Perry Ellis: Patrick Robinson got it exactly right at Perry Ellis. In his second collection for the rejuvenated label, he again eschewed the traditional runway, instead lining up 25 of the freshest-faced girls imaginable, their cheeks aglow with youth and the delightful work of Dick Page. The presentation provided the perfect vehicle to flaunt Robinson’s two-pronged message: Here is a wealth of appealing, seemingly eclectic pieces, all wrapped up in a highly focused aura of charm. Clearly, Robinson has sought to distinguish the Ellis presence within the better department by making it girlier and more prone to eccentricity than virtually any of its competitors. For fall, that means a retro, Fifties-centric attitude. “There’s a playfulness, but there’s also a refinement and a new elegance to it,” he said while taking visitors through the presentation. “I want to deliver a lot of fashion to the area— more than that customer is used to.”

To wit, these gems stand out from their typically sportier competition: egg-shaped coats that could go Lucy-Ethel or full-on Marilyn depending upon a girl’s mood, sweaters set with jeweled buttons, skirts cut with debutant froth or Gal Friday discretion, impressive fake furs — coats, stoles, and even a cozy muff or two. The girly factor radiated from virtually every look, as Robinson accessorized with skinny rhinestone belts and lots of vintage sparkle — a flower brooch, anyone? — culled from countless eBay meanderings. As for another online find, a Perry Ellis printed scarf, Robinson had it recolored and reproduced to use discreetly, in a breezy skirt and as linings for coats and jackets — the perfect way to express the Ellis legacy on his own terms.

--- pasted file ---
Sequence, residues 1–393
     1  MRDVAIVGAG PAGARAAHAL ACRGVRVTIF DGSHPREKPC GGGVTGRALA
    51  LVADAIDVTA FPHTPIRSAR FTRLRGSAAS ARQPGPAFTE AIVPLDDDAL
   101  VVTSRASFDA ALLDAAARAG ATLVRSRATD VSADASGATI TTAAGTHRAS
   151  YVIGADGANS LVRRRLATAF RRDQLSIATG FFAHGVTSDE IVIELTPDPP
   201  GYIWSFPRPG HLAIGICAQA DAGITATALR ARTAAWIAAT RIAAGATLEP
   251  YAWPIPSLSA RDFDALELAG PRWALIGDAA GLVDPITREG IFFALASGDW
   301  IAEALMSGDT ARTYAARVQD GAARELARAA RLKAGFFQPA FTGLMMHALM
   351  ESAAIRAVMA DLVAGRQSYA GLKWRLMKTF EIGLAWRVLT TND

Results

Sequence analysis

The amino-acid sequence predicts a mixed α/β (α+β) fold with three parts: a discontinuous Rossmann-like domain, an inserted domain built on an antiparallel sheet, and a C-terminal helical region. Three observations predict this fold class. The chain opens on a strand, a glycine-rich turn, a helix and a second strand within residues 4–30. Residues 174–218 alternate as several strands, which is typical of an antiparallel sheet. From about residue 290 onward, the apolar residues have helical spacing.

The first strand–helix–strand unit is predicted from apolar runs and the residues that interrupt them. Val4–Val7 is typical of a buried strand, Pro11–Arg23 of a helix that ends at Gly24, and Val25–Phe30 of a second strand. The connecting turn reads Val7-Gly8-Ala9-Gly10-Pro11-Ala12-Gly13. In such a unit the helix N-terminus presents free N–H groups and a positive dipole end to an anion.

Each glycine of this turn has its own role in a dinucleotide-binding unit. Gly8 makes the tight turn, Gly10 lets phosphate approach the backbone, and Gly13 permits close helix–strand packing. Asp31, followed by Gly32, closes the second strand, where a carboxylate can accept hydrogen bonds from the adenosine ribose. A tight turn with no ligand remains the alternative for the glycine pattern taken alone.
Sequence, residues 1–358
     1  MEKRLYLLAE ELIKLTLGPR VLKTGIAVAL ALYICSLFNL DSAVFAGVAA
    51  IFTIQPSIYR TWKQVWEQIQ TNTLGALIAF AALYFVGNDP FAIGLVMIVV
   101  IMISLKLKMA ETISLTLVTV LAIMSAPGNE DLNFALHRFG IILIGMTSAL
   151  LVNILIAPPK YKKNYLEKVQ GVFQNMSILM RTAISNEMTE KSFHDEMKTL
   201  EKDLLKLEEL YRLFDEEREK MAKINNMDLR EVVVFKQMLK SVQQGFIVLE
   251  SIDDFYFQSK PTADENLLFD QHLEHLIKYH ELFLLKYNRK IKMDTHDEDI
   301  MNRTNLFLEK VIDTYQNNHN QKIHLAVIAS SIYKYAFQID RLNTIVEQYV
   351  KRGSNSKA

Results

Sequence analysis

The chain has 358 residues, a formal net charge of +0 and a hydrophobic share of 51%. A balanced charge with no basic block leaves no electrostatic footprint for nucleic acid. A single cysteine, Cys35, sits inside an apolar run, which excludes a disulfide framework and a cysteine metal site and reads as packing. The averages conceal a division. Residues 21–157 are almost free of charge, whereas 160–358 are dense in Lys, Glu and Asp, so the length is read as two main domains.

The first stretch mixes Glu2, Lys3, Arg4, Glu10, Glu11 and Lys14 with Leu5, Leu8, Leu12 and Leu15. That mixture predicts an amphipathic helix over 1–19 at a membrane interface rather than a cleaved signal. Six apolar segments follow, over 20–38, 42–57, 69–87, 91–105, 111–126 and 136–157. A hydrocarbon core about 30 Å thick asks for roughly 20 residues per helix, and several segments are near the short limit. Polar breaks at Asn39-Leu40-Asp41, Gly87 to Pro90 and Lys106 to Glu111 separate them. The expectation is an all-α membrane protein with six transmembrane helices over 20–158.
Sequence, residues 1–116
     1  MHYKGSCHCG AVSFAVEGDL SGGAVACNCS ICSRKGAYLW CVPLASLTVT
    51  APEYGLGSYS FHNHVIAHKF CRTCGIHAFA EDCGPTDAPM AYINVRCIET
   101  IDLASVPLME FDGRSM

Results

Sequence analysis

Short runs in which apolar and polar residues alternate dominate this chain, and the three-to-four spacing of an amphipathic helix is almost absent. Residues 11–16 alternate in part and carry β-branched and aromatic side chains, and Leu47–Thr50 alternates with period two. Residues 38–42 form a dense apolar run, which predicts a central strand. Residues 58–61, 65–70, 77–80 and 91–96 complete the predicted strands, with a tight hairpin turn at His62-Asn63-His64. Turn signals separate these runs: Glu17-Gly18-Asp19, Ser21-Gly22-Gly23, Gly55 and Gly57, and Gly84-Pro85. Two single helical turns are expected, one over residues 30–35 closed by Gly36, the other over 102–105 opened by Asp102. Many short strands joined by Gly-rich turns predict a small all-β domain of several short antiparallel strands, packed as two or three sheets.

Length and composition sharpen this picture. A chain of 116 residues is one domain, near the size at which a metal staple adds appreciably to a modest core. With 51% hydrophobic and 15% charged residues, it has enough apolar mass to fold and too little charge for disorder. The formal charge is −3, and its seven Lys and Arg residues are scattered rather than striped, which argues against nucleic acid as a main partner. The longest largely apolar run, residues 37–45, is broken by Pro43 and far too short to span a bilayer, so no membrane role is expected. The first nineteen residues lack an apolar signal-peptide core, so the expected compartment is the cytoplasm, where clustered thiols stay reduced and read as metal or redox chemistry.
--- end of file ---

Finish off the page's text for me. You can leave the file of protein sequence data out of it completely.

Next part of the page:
Kenneth Cole:</B “Are you putting us on?” Kenneth Cole certainly hopes so. And if that cheeky tag line seems a bit corny, the fall collection Cole showed on Friday morning was anything but. In it, he favored a kind of sophistication that put smart, practical clothes on the road to sobriety. In recent seasons, Cole has embraced a core classicism. While, for spring, that was rendered with preppie propriety, here the jaunty motif gave way to a more reserved, more serious attitude. The first look out spoke volumes: a navy trenchcoat dressed down with flat brown boots. This led a lineup that often displayed a hint of editorial toughness — bomber and motocross jackets, tight pants tucked into boots, a mostly dark palette. Yet plenty of pieces — hooded coats, thick sweaters, paneled skirts — could easily be worked for greater versatility. This was a decidedly pulled-together collection for Cole, one in which he paid considerable attention to evening. Here, his looks were pretty if not exciting, mostly dark, fluid dresses, sometimes worn under cozy, casual sweaters.Cole is determined to build a serious apparel business, and with its focus on juiced-up classics, he seems on the right track. Yet it is still a work in progress, and for the label to have a serious impact on the runway, he needs to fine-tune his message.